On The Learning Game, By Ana Lorena Fábrega


When Amazon was still taking pre-orders for the book, we published a preview. We think it useful to restate some of the points we made.


The author is a former teacher who had become disillusioned with the school system and committed herself to work on a better way “to prepare younger generations for the game of life…”

In this book Fábrega sets out to answer questions about:

How the ‘game of school’ can be transformed into the ‘game of learning’.

How life-long learning can be made sustainable.

How to get back to what makes children excited about learning.

How to prepare children with the tools for success in learning as well as in ‘the game of life’.

In The Learning Game, the author provides a collection of her ‘work, lessons, and findings’.  “It’s about how to challenge things we’ve all taken for granted, from the roots of our education system to the modern school curriculum.”

One key aim of the book is to arm the readers with ‘practical tools to design a new approach to learning’.

Fábrega is a key player in the future-focused education movement that Elon Musk inspired, being the Chief Evangelist for Synthesis School, one of the most exciting components of this movement. Our website has published numerous articles on the different components of this movement, many of which have become the most popular attractions on our website.

Elon Musk

Part 1: An Insightful Account of the Problems with the Traditional Education System


Ana starts her book by looking at the failings of traditional education. Many people have done this before, but she brings a unique personal touch to the discussion. We follow her as a teacher, get an insider peek into how she tried to make a difference but came to the realization that school is not really about education but a game that students learn to play in order to survive it. She called it an ‘imitation’ of learning (p.2), and we cannot agree with her more. She, as her book informs us, was a master at playing this game when she was a student! In addition, she shares with the reader the enlightening critique of the education system by John Taylor Gatto, former New York Teacher of the Year. In this post we look at how she and Gatto go to the heart of the matter.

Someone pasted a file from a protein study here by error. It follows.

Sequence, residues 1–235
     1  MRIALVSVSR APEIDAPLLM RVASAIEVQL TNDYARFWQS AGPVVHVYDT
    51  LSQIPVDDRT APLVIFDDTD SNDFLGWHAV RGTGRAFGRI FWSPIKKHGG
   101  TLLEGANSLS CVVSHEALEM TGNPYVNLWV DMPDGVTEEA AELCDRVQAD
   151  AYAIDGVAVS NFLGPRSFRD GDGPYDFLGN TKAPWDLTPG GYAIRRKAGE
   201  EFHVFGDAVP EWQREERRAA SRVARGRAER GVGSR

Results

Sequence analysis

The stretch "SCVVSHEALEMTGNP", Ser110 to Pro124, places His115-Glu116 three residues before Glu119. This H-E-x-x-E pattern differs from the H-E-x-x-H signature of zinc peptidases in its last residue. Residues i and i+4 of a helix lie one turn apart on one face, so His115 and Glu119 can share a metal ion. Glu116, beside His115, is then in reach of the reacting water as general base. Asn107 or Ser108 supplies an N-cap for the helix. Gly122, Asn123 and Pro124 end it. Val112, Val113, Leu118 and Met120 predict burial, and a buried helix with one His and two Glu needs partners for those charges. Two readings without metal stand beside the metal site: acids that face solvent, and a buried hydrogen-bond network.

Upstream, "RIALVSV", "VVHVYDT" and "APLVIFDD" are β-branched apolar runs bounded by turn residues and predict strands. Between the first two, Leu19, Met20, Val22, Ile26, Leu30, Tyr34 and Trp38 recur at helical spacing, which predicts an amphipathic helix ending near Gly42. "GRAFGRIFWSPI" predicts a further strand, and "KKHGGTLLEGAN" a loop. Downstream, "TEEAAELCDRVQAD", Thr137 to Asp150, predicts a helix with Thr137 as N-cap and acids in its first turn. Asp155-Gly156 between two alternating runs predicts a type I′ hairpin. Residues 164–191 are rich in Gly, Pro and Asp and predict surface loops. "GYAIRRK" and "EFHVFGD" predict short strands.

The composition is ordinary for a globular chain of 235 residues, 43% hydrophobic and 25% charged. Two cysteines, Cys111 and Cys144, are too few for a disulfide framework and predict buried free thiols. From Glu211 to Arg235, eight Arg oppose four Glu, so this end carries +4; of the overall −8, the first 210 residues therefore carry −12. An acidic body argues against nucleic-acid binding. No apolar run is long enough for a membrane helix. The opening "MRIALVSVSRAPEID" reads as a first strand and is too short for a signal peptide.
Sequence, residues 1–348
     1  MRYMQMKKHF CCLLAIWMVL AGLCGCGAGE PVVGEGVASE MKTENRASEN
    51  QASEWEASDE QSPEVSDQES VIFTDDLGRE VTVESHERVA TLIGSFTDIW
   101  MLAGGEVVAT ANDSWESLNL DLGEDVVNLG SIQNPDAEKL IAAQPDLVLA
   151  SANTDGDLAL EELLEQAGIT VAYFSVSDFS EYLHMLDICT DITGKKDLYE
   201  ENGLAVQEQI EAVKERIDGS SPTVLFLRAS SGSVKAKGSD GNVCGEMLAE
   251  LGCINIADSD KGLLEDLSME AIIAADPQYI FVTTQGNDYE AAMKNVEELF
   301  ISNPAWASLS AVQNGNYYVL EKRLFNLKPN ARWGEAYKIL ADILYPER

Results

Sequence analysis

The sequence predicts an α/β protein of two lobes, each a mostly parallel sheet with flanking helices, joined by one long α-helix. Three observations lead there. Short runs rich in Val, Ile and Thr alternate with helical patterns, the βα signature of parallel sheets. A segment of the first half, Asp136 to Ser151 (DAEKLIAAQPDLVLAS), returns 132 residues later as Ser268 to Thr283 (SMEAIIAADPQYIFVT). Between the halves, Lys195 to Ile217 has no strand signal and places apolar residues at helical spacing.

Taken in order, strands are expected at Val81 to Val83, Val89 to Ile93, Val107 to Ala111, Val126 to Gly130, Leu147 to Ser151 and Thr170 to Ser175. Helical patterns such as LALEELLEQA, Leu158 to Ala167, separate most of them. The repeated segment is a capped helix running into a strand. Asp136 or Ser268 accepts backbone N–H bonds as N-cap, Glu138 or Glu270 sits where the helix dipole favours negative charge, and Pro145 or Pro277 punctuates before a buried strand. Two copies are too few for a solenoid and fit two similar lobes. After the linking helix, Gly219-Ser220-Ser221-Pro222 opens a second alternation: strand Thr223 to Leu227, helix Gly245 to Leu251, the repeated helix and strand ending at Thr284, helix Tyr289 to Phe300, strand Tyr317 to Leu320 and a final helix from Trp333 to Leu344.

“...you succeed by pleasing your teachers, getting good grades, and advancing to the next grade. You win if you follow the rules of order, obedience and compliance. Sit up. Be quiet. Pretend to pay attention. Raise your hand to speak. Do as you are told. Don’t question things. Follow a bell schedule. Fill out worksheets.” (p.2).

She had her own ‘learning game’ which happened outside the classroom.

She didn’t like school, but decided to become a teacher.

As a teacher Ana realized that all students were playing the game of school - that it was universal.

She added more points about the game of school: “imitating their teachers instead of thinking for themselves, losing points for mistakes instead of learning from them,...and waiting for instructions instead of figuring things out.” (p.3) 

She tried a different approach as a teacher. It did not work for long. Her students played the game of learning, but after moving to the next grade, they fell back into the game of school.


Her critique of the system is incisive: “How can teachers cultivate in students a love for learning that lasts forever, when they are forced to teach a one-size-fits -all curriculum that rewards grades and standards over creativity and choice?” (p.5)


In her second chapter she digs into the origins and evolution of the traditional education system. She traces traditional schooling to its Prussian origins. Education was first used as a mask for government indoctrination. Its goal was to raise a loyal army that would win wars. After WWII, the focus shifted to educating managers for corporations and factories. School became an assembly line. After that, the US led the next phase in the development of education, essentially standardization. She points out how the system failed in the US, with a bunch of statistics that bear out her argument. “ As we’ve seen, the history of education has led to a system of learning that prioritizes state and government needs instead of individual learning.” (p.30). The problem is systemic, “Teachers … aren’t to blame. But the incentives of school nudge them in the wrong direction. No matter how hard they resist, the system takes its toll and leads them toward counterproductive habits.” (p.23).


Through her book she is attempting to answer 4 questions:

1. How can we transform the game of school into the game of learning?

2. How do we make learning sustainable through childhood and into adulthood?

3. How can we go back to the root of what makes kids excited to learn?

4. How can we arm kids with the tools they need to succeed in the game of learning - and the game of life? (p.6)


The Learning Game, is a treatise against traditional schooling as it no longer meets the needs of our kids today (p.6). What does she propose? We will get to that in a later post.



Here is the link to The Learning Game on Amazon.